The reason is that once it is in its product form, it needs to be chopped up to be recycled. The strength of the material is actually in the fact that it consistes of long fibers. This gives it its rigidity and its strength -- two things that are lost when it is cut.
"It doesn't have its continuous fiber any longer," noted Jeff Sloan, editor of Composites World.
Adding to the difficulty, only the fiber elements typically can be reclaimed. The bonding elements, such as the resins that hold the fiber in its eventual shape -- like a bicycle frame -- also need to be "removed" to reclaim the carbon fibers.
"When you talk reclaiming carbon fiber, you are just talking about the actual fibers," Sloan told TechNewsWorld. "The rest of the materials are burned off or otherwise wasted. This includes the resins, which are not actually recycled."
One reason any product -- whether it is plastic or aluminum -- is recycled is that it is typically cheaper to obtain reclaimed material over virgin material. Unless that price is cheaper, most companies will continue to prefer virgin materials.
Here is another dilemma with carbon fiber: The costs, while high, are still too low to compel efforts to recycle it -- and the recycled materials have little value at the present time.
"You lose some value in the recycling process," noted Sloan. "The recycling curve of composites in general, and carbon fiber specifically, just isn't that deep. The Dreamliner will help, as they're going to have to deal with what to do with the materials at the end of the plane's lifecycle."
One added problem is that the cut fibers from a bicycle frame can't be used to make another bicycle frame. The fibers from a plane also are cut into small pieces that can't be used to make a bicycle. That means lots of small squares of cut fibers with no particular purpose.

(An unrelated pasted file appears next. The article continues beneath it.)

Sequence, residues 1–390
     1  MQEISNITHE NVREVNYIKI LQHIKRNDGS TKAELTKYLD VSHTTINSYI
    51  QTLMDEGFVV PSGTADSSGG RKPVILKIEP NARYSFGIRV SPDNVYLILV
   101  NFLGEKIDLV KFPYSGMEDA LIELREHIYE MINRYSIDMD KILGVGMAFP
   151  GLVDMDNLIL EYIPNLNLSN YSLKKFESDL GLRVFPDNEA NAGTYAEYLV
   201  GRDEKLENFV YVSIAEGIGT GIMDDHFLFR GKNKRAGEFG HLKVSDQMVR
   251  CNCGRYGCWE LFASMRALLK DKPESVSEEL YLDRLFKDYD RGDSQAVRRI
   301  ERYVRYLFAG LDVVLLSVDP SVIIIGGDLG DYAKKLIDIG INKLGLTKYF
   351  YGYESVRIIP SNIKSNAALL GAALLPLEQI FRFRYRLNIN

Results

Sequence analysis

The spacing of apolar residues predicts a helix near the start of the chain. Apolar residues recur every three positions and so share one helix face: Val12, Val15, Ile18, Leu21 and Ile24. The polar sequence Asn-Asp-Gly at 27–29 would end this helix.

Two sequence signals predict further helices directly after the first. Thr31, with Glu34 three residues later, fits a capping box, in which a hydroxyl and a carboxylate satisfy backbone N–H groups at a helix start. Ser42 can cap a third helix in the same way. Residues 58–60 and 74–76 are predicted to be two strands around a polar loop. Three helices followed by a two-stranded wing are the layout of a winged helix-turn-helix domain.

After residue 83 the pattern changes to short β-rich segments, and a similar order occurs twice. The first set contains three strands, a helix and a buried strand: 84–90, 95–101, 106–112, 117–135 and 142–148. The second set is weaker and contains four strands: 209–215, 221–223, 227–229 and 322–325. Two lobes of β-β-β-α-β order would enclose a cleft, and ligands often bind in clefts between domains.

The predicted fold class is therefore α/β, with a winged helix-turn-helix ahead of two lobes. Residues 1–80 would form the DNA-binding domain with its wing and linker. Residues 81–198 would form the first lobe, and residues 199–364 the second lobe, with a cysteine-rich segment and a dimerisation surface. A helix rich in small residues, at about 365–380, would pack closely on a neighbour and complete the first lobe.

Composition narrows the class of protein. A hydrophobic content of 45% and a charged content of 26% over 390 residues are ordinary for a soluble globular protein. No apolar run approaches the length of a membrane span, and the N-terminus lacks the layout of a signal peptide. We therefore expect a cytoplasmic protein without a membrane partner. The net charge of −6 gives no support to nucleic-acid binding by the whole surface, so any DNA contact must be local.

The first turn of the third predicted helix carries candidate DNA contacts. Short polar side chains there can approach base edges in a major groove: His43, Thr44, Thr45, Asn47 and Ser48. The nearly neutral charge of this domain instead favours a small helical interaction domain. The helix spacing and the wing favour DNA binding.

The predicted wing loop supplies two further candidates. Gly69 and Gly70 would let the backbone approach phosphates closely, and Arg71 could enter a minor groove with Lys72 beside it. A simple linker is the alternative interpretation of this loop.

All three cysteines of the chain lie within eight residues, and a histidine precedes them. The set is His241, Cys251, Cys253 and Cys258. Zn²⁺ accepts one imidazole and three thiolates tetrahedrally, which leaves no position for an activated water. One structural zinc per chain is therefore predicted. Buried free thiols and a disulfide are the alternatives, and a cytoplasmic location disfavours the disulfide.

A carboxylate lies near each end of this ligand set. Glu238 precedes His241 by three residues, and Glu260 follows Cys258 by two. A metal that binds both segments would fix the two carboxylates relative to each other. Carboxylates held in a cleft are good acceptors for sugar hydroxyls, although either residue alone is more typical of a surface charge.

"We've been looking hard at this issue, and we've not found anything that fits the bill perfectly at this point," said Jim Colegrove, senior composite manufacturing engineer with Trek Bicycle. "The key is finding that closed loop. We haven't found that great use for the material yet. We're still looking."
One solution could be for use in bulk properties. Thus the cut pieces could be used in other products, those where the strength that it typically provides isn't required.
"You still have much of the stiffness, but you don't have the continuous fiber," added Colegrove. "You don't have the strength."
So what could this be? In the bicycle industry, it could be water bottle cages. Other industries are using reclaimed carbon fiber for laptop casings and mobile phone cases. Of course, a single bike could provide material for many water bottle cages and that aforementioned airplane could make a lot of smartphone cases!
For now this is a problem without a solution, but one that the bicycle industry is opting not to ignore, said Juskaitis. "We feel as a manufacturing brand that we'll have a role in the recycling or responsible elimination of the material in the future."